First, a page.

Education authorities everywhere will soon be delivering their back-to-school sermons that include such bon mots as: “help your children pack their backpacks and ensure that they are no more than 10 to 20 per cent of the child's bodyweight.” But now, mid-August, is the time for those self-labelled “parenting experts” and their aggrandized views of the world to clog up editorial space with their monotonous tips on transitioning your children easily “from the laid-back life of summer to regular school days with just a little planning.” Ok, so most sane people, parents of homeschoolers and schoolers alike, stop there. But I like to dream up confrontational scenarios so I continue… and this is what I learn because you know I’m only a parent, not a parenting-expert, and don’t really have the time to think about these things myself what with all the modeling of good behaviour and backpack weighing I have to do:

- If your summer schedule has allowed the kids to sleep in you will want to plan some morning activities now so you can all get used to getting up and moving.
- If you have a child entering kindergarten, middle school or high school, celebrate this step toward independence. Don't whine about how much you will miss them or how hard this is on you, or at least don't do this in front of them. Remember, having a child who is ready for each step forward in his or her journey to adulthood is a testament to your good parenting.
- Often children do better without our help. Talk to your child about making it in a new place and certainly welcome all her new friends in your home. You can even hold a party in the first few weeks and include the parents if possible.
- All elementary school students should be walking to school. On the other hand, driving kids to school each day creates a dependency relationship that is not helpful for your child.

Send comments/ carping to: This reminds me of those happy homemaker articles from the 50’s which went something like… “when husband enters the door, do not ask him about his day or complain about your own day, simply greet him with his pipe, slippers and a smile…”

VIDEO Wheels on the bus by Mad'Donna


Someone was in our house the other day - as part of a larger group - asking, or rather stating, “so, you school at home do you?” (ugh… what an awful term). She’s a teacher. The statement was also easily recognized as bit of a set-up since she already knew the kids didn’t go to school. What was interesting was that the four of us had the same reaction: silence and a continuation of what we were doing. Then from the sublime came the ridiculous: “do you have desks where you do your work from?” More silence (and audible grunts) from the adults; laughter from the kiddos. Eventually one of us attempted to point out that our learning took place everywhere but the hand gesture meant to imply not only the house but the entire world around us was interpreted as pointing to the window seat. This seemed to satisfy her and the questions ceased as she embraced herself in the knowledge that we taught our kids on a 5x3 foot section of Ikea-fabric encased foam. Next time I'll point to the toaster.

Comedy of the mind, man

Patton Oswalt, Zach Galifianakis and Brian Posehn on physical comedy

Saturday, August 11, 2007

Postcards from the past

Another spectacular bit of Beirut visual magic... this one is a new video for an old song, the mesmerizing, uke-led "Postcards from Italy". If you like the intimacy of viewing other people's old Super 8 home movies, this one's a keeper. Kinda moving too. Most of the footage is archival and some of it is recent of Zach himself (including getting a skateboarding raspberry).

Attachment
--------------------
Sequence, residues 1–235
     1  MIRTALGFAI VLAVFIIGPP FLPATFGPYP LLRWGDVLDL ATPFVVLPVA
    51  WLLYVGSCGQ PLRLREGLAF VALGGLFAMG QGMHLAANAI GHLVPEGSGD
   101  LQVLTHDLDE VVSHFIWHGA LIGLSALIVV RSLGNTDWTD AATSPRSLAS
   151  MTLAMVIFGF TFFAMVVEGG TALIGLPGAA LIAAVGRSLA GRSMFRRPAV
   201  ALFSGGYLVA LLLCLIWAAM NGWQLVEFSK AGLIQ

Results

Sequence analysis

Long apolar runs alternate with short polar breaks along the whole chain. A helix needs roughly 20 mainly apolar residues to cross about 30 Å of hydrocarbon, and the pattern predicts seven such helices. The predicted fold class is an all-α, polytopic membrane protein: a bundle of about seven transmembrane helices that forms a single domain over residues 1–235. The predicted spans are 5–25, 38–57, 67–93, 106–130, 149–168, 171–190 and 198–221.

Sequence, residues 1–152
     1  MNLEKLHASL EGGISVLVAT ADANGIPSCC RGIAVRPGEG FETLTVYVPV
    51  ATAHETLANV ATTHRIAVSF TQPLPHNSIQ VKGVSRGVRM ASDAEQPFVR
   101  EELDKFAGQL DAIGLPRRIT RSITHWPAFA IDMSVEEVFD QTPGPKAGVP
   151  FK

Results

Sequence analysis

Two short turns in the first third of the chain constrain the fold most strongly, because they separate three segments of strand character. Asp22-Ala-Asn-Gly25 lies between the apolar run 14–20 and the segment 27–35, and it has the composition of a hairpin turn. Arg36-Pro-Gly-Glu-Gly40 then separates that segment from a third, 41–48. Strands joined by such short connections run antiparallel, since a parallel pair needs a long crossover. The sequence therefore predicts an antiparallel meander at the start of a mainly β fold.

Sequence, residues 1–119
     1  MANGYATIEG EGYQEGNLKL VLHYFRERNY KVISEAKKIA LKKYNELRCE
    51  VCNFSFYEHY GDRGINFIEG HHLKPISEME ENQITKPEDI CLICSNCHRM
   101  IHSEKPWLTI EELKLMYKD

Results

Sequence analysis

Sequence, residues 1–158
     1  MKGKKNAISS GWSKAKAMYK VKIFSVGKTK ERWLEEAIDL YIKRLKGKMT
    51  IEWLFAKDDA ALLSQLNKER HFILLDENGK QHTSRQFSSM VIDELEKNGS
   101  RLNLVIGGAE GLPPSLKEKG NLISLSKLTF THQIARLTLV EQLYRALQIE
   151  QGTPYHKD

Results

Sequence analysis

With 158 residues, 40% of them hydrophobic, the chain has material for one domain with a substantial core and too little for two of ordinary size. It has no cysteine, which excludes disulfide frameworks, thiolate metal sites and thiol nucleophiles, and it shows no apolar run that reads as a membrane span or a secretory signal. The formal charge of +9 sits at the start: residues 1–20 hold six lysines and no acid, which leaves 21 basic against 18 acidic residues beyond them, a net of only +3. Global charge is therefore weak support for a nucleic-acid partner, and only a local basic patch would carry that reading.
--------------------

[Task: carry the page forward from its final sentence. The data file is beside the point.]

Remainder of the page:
VIDEO Postcards from Italy by Beirut

Amassed resentment pelting ounce and pound

BRAND SPANKING NEW VIDEO Turn on Me by the Shins

Caution: middle-aged man in Speedo and other horrors

Friday, August 10, 2007

Finally a video game for me, Yeah

Introducing Sousaphone Hero, the third installment of Activision's massively popular Guitar Hero video game franchise and including a catchy 1890s soundtrack and realistic-feeling game play. "If they hit enough correct notes in a row, the on-screen crowd yells "huzzah" and "bully," and the sousaphone controller's spit valve will "drain." If you score enough points, you can unlock the ultimate level, playing in the John Philip Sousa–led Marine Band at Grover Cleveland's inauguration."

Read here for more...

Thursday, August 9, 2007

Come back to me Mark Hollis

Talk Talk has the most fascinating history. They began as an full-on new wave outfit and then found success as a pop band. But they gained true critical respect and success as their sound expanded and they then peaked as they pushed boundaries through layers of instruments like the harmonium and dobro and, most significantly, as they honoured the quiet moments that make these songs so haunting.

For me, when I first saw the video for "Life's what you make it" back in '86 my life was changed forever. Bye bye Rush. Bye bye Ozzy, Headpins, Streeheart. Hello the Smiths, REM, James, the Woodentops, Easterhouse, Lloyd Cole and the Commotions... (yes, my life was changed by someone depressing the black keys on a piano in the middle of a forest at night).

By the early 90's Talk Talk were pretty much no more. Unfortunately, their legacy remains their "it's my life" era pop. Good stuff - but not the heart of Talk Talk. Not what they worked towards all those years. Plus, there are some incredibly bland covers of "it's my life" by weak pop outfits out there. Stuff that literally makes me walk out of grocery stores when i hear it over the p.a.